“There is no one-size-fits-all feminism,” says author Rafia Zakaria Rafia Zakaria
PAKISTAN-BORN activist and author Rafia Zakaria has said there is no one-size-fits-all feminism and that she hopes to “decentre” white feminism through her new book Against White Feminism.
In an interview with The Guardian, Zakaria said she wanted to challenge the “liberation trajectory” of the Muslim woman’s story, so that Western women stop thinking, “Oh, it’s so bad over there… it must be so great here”.
In the book, Zakaria outlines how one-size-fits-all white feminism has been complicit in wars in Iraq and Afghanistan, in destroying native aid and empowerment structures in low-income countries, and in denying the cultural backwardness of Western societies vis-a-vis women’s rights.
She told the newspaper why she wrote the book: “I am a Muslim brown person from Pakistan, and the assumption when I meet people in the West is that all the oppression I’ve ever faced, all the hardship that I’ve ever faced, were back in Pakistan, and were the consequence of cultural mores and beliefs.”
At 17, Zakaria agreed to an arranged marriage to a Pakistani man living in the US. The marriage was unhappy, she said, and Zakaria left her abusive husband at the age of 25, seeking refuge in a shelter with her toddler.
According to Zakaria, a white feminist is someone who refuses to consider the role that ‘whiteness and the racial privilege attached to it have played in “universalising” white feminist concerns, agendas and beliefs as being those of all of feminism and of all of feminists’.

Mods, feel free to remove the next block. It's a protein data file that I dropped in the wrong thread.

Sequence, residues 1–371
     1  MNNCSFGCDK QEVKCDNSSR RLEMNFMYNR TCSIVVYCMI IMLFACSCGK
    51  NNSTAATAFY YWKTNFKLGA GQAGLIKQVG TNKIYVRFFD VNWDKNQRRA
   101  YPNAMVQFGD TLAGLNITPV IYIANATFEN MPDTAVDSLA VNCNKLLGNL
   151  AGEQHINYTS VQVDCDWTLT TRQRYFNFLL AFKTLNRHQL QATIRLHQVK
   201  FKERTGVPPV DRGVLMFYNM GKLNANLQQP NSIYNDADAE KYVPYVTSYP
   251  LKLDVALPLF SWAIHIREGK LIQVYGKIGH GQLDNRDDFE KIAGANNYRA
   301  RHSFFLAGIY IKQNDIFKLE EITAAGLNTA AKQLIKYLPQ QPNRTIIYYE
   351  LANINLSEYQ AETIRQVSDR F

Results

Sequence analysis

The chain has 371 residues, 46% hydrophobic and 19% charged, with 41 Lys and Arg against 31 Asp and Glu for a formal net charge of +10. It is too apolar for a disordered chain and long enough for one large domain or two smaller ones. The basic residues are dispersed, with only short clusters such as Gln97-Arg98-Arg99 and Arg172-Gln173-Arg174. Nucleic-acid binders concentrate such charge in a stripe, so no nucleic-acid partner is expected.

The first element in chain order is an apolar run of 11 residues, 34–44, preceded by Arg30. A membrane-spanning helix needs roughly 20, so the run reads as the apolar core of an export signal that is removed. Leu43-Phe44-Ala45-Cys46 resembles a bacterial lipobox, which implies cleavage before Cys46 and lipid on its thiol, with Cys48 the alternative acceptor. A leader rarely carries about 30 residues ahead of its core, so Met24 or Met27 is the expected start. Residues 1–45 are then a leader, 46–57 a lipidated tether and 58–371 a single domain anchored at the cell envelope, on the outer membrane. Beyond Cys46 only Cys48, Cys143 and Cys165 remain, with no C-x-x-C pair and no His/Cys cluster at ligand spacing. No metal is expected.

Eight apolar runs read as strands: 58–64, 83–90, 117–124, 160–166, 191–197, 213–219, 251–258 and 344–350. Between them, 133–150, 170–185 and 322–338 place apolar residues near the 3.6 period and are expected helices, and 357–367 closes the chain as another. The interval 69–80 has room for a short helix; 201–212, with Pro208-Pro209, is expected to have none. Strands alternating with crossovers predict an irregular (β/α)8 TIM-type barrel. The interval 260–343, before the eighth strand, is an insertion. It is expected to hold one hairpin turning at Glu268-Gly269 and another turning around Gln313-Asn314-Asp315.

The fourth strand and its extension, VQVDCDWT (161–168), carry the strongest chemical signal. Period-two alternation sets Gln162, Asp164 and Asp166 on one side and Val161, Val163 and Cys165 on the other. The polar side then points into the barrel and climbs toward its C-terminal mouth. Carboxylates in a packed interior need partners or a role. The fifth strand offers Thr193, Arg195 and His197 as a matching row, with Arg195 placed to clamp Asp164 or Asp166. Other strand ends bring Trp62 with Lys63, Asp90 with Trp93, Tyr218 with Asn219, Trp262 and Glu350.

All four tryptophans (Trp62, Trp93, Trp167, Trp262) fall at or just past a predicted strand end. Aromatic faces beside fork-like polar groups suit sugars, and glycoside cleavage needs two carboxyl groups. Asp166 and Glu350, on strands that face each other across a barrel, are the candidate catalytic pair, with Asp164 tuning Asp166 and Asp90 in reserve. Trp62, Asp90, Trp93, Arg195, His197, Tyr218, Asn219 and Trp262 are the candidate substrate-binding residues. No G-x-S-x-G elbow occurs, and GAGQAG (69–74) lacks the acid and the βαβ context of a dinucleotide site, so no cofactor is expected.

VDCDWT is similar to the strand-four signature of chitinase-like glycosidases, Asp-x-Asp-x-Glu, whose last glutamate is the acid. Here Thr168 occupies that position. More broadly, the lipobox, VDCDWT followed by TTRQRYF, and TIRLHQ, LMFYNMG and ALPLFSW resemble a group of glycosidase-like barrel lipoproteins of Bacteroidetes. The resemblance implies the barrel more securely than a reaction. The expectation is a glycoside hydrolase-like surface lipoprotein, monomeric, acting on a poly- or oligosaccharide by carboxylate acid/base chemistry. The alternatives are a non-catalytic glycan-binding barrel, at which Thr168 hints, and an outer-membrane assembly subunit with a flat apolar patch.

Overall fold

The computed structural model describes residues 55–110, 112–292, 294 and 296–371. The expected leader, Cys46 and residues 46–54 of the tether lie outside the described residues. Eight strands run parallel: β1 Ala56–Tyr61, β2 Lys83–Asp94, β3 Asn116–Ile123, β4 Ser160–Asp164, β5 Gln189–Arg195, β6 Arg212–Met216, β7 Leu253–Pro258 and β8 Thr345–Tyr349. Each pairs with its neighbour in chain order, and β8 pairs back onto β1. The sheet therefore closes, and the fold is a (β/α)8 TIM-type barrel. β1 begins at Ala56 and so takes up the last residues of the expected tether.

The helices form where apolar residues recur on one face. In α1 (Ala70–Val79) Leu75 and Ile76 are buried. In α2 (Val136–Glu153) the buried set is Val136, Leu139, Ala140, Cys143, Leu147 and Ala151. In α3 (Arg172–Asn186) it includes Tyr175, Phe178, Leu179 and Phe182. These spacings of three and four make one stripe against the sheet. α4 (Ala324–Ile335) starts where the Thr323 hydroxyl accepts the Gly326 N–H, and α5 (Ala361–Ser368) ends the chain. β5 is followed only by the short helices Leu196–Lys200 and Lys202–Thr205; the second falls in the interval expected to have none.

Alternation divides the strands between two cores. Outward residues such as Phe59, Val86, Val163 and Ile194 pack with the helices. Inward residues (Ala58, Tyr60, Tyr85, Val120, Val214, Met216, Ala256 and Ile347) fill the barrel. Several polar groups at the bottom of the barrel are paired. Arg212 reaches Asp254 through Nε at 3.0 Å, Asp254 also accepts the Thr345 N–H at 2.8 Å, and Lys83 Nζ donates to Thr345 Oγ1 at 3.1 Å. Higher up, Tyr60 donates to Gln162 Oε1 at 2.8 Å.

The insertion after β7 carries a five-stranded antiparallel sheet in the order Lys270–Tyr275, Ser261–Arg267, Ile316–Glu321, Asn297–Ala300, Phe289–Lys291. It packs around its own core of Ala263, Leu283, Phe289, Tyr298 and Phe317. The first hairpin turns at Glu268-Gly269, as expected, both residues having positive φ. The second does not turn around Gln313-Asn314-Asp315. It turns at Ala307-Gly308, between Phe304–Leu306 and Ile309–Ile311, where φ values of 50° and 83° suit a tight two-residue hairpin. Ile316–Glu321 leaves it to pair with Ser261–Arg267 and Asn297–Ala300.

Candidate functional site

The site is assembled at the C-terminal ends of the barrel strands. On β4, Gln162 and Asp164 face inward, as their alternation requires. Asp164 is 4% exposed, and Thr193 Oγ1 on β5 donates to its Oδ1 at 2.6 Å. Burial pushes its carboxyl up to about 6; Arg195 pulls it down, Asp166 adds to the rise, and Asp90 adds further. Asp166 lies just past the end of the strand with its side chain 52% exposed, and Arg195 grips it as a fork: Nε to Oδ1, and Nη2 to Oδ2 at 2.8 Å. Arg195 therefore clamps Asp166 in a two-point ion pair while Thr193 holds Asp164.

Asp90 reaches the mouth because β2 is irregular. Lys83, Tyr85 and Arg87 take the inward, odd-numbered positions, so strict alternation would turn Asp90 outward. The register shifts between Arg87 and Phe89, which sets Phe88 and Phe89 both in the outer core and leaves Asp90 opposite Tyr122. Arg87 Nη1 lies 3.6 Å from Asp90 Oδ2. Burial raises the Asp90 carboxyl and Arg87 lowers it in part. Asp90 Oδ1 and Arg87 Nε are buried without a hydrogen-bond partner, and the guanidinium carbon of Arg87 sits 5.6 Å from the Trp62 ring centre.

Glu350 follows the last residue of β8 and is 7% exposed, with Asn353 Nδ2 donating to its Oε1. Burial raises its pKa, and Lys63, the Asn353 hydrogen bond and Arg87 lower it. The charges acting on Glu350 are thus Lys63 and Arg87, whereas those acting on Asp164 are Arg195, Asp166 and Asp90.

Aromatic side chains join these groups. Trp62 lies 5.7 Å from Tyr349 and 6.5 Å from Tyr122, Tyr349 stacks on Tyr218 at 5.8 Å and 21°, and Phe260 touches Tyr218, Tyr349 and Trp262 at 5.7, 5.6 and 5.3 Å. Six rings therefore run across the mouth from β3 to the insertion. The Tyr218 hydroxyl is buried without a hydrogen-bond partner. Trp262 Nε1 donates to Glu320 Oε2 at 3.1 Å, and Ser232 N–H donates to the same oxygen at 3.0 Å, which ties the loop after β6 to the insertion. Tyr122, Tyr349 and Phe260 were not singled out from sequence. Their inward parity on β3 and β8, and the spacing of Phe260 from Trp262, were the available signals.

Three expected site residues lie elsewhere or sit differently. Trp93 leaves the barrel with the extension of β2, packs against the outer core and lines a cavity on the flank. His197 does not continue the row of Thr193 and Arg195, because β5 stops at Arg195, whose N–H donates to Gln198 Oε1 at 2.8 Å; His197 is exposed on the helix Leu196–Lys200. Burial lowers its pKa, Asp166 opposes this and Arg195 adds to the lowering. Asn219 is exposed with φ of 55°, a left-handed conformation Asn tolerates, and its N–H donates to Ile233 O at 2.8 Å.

‘Female professors told me to quit’
In 2002, when Zakaria ran away from her husband with “a baby on her hip”, she had no money, bank account or credit card. A black woman “took her on” and offered her an apartment. After a few challenging years, Zakaria finished law school and completed a postgraduate degree in political philosophy.
She said a lot of white female professors told her to quit and added that white women “obstructed” and sabotaged her “in every possible way” from doing her job in NGOs.
White feminism, according to Zakaria, is still connected to the patriarchy through the power pool of white men.
She said, “There are doors that open for you, things available to you that are not available to a trouble-making brown feminist like me, because I am going to ask questions and I’m not going to take it.
“I have sympathy for them; for literally hundreds of years that has been the only way to get anywhere close to power.”
Zakaria also noted recent comments by Pakistan prime minister Imran Khan on rape as a manifestation of a legacy of cultural ranking that no one has “really bothered to take apart”.
“That cultural ranking says that cultural crimes occur in these places and those sorts of cultural crimes don’t exist in other places in the West. There isn’t some particular British form of violence against women, it’s just violence against women,” she told The Guardian.
According to Zakaria, the real goal of her work is to comfort women of colour who have been “gaslit”.
“I struggled very much. I had come from trauma, I went into trauma. I feel a very strong sense of responsibility towards other women like me, who’ve been through traumatic marriages, migration, being a single mother. Women like me never really make it,” she told the newspaper.
“I feel a responsibility towards other women who are just as smart as me, just as articulate. Now I’m here, I’m going to say all those things. I believe that you can tear things down when they’re not working, and build them up again. That is one of my core beliefs because I’ve done it.”